To measure this, I designed a simple chart: I measured the total runs scored in each starting pitcher’s starts, and the total number of bullpen runs allowed. This provides a basic window for each starting pitcher: by calculating these run totals, it is very easy to see how many runs a starter can, or cannot allow, to break even. For fun, I added “Unearned Run %” and “BABIP” to “approximate” defensive support (I assume it is fairly uncontroversial to suggest that if a pitcher allows a high Batting Average on Balls in Play, one would need to investigate his defensive support; that pitcher might also be allowing many line drives or hard hit balls, but it is a start to see if the pitcher is receiving efficient defensive support).
|Brewers Support (Runs Prevented)||Offensive RS||Bullpen RA||Unearned R%||BABIP||.500 RunsAvg (Actual)|
|Matt Garza (-9)||44||30||8.9%||.291||1.68 (5.40)|
|Mike Fiers (-3)||37||25||15.2%||.381||1.74 (4.79)|
|Jimmy Nelson (0)||49||12||8.3%||.273||4.54 (4.37)|
|Wily Peralta (1)||38||11||4.0%||.322||4.50 (4.17)|
|Kyle Lohse (-16)||52||12||.323||4.82 (6.27)|
|Taylor Jungmann (2)||4|
|Tyler Cravy (2)|
|Tyler Wagner (-3)||7||1|
Not surprisingly, Garza has indeed received terrible support from his teammates. In fact, Garza’s support is so bad that the pitcher basically needs to average one run allowed in each of his games started to reach .500 (!!!). However, Fastballer Mike Fiers is not far behind Garza, and the slow-tossing righty arguably receives even worse defensive support than Garza. By contrast, Wily Peralta and Jimmy Nelson are the best pitchers in terms of runs prevented, but they have also received some of the best support, too. Kyle Lohse‘s season looks doubly disappointing when one learns that he could basically allow three runs per start in every start and still break even in 2015; instead, the righty took his 40-run support advantage and promptly allowed 52 runs himself. Ugly!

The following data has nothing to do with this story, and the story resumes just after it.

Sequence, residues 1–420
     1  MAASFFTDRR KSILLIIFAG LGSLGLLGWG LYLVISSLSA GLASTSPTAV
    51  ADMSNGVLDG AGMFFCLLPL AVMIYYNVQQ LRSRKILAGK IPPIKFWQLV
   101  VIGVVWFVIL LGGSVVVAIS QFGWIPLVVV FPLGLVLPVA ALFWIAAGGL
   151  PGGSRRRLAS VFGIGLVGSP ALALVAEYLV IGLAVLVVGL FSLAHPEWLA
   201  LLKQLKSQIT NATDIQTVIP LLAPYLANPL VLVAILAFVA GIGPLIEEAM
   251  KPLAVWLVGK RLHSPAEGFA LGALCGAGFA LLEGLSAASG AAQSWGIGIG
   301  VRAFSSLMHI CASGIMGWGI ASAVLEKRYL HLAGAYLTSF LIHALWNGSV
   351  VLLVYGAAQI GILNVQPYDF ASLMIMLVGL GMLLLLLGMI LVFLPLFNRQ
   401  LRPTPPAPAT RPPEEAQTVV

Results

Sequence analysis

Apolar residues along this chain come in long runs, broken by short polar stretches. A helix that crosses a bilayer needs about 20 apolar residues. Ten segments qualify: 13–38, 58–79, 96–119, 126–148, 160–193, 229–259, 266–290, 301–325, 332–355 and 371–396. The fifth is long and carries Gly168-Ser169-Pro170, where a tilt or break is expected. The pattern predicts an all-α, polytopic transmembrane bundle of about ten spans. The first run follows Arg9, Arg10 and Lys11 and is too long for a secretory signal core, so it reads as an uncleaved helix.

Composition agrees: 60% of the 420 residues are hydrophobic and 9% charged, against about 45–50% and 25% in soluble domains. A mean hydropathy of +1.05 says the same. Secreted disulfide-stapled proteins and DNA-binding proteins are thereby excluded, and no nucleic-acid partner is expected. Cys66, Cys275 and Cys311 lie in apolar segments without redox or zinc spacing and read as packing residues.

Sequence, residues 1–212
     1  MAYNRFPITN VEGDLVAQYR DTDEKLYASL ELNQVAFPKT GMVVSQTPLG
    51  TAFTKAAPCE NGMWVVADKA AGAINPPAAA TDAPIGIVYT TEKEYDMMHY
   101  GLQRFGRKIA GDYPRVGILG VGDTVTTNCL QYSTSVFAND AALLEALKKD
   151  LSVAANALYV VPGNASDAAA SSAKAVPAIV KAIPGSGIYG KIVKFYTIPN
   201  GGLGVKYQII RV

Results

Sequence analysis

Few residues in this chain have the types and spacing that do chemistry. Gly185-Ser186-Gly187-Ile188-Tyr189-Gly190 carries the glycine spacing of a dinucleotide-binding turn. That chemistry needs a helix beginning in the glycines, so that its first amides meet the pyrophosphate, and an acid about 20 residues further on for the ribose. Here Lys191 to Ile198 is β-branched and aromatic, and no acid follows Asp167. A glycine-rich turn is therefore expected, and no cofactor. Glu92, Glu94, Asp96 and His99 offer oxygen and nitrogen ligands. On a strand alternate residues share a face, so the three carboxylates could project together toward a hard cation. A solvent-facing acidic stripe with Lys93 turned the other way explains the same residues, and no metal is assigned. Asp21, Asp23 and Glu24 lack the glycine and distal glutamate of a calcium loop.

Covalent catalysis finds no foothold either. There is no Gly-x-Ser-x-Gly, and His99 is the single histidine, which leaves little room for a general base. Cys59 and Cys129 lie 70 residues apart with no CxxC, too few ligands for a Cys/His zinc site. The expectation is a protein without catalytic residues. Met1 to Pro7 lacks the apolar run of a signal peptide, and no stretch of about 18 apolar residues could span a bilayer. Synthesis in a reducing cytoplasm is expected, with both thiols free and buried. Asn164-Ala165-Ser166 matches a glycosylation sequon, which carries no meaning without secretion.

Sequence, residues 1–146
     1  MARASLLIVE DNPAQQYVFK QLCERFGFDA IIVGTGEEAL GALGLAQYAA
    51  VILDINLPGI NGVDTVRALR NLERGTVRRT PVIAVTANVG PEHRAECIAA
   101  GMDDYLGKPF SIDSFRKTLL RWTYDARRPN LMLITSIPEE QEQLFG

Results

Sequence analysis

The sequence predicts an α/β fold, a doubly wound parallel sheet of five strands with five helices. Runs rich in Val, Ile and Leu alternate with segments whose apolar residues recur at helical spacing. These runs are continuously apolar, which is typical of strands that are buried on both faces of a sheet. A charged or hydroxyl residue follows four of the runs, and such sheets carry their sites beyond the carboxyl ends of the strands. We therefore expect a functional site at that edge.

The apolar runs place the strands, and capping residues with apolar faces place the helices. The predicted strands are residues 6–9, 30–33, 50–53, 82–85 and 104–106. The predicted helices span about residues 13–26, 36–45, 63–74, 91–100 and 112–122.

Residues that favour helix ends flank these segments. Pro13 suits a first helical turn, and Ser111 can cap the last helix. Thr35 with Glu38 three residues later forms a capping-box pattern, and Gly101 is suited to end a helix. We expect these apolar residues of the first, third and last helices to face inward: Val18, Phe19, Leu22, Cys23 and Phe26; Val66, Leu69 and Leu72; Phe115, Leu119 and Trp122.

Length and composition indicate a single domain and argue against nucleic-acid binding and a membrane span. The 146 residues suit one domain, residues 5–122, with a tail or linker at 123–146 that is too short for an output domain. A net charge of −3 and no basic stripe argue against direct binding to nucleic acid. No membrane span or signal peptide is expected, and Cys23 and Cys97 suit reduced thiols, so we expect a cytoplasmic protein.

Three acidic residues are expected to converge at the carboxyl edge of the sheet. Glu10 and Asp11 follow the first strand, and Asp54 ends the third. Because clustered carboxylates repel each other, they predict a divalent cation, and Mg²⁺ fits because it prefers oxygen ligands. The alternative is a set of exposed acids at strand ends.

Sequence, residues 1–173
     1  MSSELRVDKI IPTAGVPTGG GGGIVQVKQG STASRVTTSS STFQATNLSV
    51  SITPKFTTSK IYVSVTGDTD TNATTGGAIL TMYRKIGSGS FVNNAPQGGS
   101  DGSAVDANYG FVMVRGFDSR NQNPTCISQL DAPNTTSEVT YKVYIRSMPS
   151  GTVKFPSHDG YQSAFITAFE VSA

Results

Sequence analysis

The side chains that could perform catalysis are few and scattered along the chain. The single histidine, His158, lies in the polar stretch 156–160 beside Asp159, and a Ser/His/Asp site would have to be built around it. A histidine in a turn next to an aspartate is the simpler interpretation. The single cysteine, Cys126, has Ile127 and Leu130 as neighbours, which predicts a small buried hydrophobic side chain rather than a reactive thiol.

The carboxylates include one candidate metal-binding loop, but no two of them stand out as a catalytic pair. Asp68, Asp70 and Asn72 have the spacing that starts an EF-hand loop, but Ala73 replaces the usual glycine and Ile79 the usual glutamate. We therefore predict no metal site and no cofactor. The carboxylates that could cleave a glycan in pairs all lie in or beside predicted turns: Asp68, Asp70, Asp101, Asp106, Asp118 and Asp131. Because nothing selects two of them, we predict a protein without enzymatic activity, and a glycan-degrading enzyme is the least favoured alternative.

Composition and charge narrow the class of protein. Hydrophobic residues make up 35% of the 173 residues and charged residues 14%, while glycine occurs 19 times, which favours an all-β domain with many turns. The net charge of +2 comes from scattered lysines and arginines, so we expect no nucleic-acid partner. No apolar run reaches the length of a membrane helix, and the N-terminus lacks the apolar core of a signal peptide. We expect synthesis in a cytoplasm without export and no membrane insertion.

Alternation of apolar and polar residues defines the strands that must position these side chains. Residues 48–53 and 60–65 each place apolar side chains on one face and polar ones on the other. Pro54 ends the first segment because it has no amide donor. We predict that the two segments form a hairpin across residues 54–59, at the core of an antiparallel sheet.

A couple days ago, Vice Sports published an eye-opening interview with Victor Conte on the state of Performance Enhancing Drugs in the MLB. The piece is a must read, especially for fans that are morally opposed / outraged by PEDs in the game. Conte hints that approximately 50% of MLB players use PEDs, but mostly in the offseason when MLB testing is lax. The hint is that if players “juice” during the offseason while they train, and then stay clean during the season, they will escape positive tests and also appease the league’s testing procedures.
Given that the common assumption is that “the MLB knowingly turned their back to PED use” during the 1960s, 1970s, 1980s, and 1990s, but changed their tune after Barry Bonds and the other “Steroids Era” players made a “mockery” of PED use, this new interview is quite welcome. Now, fans can question once again whether the MLB truly is concerned with PED use, and whether they want the game completely clean. One might also question the effect of PEDs on baseball activities in general, but also specifically ask how PEDs impact baseball activities if players mostly use PEDs to train. Since several of the Biogenesis players also escaped positive tests, the question of whether players still successfully mask PED use is also on the table.
So, think of the issue this way: if you flip a coin, your favorite MLB player might be using PEDs to train. Does that change your opinion of your favorite player? MLB might also be entering the golden era of PED use: not only are the substances arguably better and safer than those used in previous decades, but now the league has the appearances of a testing system and an informally sanctioned period of PED use (i.e., the offseason).